Due to negligence, the SUV driver is at fault. A claim could be filed against his/her insurance policy under liability coverage.
Improper Claims of Liability
The driver of an SUV travels too slow for the tastes of a motorcyclist. So, the motorcyclist chooses to pass the SUV illegally on the shoulder of the road. In doing so, the motorcyclist hits an object and crashes.
Afterward, the motorcyclist attempts to file a claim because the slow-but-legal speed of the SUV driver contributed to the motorcyclist’s illegal pass. Such a claim would be dismissed outright. The SUV driver was not negligent. The motorcyclist was.
Questions about negligence find answers during the claims investigation process.
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The Claims Process
The injured party may file a claim against the at-fault driver’s insurance company. In some cases, the injured party retains a lawyer and files a lawsuit. The insurance company might appoint a lawyer on behalf of a policyholder to defend or settle the suit.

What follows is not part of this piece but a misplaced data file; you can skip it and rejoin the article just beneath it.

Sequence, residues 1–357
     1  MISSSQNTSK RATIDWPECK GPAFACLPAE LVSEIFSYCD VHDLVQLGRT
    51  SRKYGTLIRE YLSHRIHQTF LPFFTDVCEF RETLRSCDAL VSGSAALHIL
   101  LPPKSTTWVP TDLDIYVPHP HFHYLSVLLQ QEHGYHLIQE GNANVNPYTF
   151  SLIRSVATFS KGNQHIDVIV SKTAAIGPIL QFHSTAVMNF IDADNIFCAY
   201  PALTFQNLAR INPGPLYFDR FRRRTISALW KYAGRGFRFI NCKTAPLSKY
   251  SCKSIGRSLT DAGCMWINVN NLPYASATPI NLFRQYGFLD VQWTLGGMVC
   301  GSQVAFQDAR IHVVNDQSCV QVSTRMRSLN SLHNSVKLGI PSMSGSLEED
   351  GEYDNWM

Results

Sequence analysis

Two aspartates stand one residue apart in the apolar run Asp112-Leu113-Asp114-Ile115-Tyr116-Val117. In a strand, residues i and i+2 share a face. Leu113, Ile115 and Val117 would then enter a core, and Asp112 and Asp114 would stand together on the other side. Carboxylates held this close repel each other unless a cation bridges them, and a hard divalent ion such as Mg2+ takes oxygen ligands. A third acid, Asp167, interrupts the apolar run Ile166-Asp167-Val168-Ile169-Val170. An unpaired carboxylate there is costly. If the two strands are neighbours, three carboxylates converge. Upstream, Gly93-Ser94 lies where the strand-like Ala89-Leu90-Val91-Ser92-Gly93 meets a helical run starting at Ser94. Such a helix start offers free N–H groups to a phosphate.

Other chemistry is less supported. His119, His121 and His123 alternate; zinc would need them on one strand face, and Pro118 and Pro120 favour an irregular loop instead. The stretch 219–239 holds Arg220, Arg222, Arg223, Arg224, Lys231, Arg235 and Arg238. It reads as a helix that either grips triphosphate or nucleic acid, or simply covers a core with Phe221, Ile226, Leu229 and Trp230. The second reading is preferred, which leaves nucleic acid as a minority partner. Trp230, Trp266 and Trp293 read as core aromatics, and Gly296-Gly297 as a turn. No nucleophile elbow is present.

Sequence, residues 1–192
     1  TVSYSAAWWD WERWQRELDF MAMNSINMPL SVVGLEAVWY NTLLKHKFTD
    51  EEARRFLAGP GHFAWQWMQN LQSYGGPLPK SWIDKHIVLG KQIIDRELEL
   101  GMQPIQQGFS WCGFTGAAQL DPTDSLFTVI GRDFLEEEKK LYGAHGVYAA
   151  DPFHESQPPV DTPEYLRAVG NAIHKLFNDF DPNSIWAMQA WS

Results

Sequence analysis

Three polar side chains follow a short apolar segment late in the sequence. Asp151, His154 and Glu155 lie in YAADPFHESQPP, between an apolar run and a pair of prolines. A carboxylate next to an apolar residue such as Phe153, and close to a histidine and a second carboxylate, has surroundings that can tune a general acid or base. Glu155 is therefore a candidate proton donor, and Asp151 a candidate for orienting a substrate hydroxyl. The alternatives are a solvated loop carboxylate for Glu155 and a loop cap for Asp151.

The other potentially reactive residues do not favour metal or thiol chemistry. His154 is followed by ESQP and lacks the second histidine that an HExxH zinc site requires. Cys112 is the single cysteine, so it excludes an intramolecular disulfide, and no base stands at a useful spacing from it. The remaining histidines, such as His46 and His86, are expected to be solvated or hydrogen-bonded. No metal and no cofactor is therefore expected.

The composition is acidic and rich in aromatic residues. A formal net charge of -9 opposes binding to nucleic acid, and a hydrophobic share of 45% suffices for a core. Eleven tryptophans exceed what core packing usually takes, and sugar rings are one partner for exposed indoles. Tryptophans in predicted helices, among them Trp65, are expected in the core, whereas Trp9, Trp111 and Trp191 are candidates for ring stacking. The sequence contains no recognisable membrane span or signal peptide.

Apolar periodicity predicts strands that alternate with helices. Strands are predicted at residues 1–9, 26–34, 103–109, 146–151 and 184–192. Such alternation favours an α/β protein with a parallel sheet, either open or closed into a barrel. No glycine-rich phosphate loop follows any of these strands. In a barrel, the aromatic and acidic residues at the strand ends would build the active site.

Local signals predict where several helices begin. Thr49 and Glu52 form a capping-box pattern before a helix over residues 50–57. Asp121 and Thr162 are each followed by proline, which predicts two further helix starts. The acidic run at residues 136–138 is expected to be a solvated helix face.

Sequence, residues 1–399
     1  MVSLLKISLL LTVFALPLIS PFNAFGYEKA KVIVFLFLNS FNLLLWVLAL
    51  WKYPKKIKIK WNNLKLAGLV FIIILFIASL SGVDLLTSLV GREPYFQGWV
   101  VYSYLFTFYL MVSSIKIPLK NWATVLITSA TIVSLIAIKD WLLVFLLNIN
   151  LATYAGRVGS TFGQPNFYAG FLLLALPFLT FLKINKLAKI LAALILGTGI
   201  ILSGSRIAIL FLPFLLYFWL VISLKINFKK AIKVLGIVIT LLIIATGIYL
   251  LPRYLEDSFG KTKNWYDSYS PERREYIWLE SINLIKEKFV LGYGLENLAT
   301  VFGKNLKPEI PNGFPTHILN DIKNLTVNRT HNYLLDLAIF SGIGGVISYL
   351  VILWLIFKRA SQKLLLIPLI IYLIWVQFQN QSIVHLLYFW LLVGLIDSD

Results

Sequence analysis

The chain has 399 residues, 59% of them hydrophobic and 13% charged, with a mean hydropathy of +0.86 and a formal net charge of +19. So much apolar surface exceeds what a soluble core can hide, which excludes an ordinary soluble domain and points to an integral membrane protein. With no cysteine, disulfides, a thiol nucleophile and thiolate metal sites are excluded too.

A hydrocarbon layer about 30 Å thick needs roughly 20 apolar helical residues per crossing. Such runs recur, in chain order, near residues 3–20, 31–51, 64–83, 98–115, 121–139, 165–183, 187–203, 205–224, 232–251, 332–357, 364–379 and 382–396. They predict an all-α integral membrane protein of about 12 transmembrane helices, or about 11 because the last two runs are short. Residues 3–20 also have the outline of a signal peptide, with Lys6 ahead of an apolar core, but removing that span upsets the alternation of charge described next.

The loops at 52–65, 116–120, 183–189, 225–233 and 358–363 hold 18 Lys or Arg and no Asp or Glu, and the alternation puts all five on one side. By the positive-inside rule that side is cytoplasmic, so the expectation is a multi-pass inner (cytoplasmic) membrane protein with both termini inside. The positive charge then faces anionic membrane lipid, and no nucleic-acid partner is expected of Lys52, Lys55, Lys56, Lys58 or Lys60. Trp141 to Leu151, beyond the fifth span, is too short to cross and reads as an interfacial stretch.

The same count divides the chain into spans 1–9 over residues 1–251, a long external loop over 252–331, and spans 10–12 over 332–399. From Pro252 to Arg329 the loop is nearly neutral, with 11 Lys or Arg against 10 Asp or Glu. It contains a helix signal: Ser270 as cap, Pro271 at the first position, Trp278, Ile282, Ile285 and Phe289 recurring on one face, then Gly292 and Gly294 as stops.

Policyholders should check their policy contract review the rules and terms regarding the insurance company’s legal representation assistance, if any, during a lawsuit.
Make no assumptions regarding the insurance company’s obligations to appoint and pay for an attorney. Confirm the insurance company’s obligations when reviewing quotes and purchasing a policy.
When an accident occurs, the policyholder should contact his/her auto insurance company and report the incident without delay. An investigation will be conducted by the insurance investigator and his/her team. Everything is relatively straightforward.
Auto liability claims, however, follow a different procedure in no-fault states.
The No-Fault State Process
In a no-fault state, drivers follow the requirement of carrying personal injury protection and medical payments coverage. Drivers must file claims with their own auto insurance companies to cover certain losses such as lost wages, medical bills, and more regardless of which party caused the collision.
Auto liability claims can still be filed in a no-fault state, but the legal windows allowing someone to do so are limited. Egregious injury-inducing driving behavior that causes severe injuries could establish a legitimate liability claim.
The Collision Option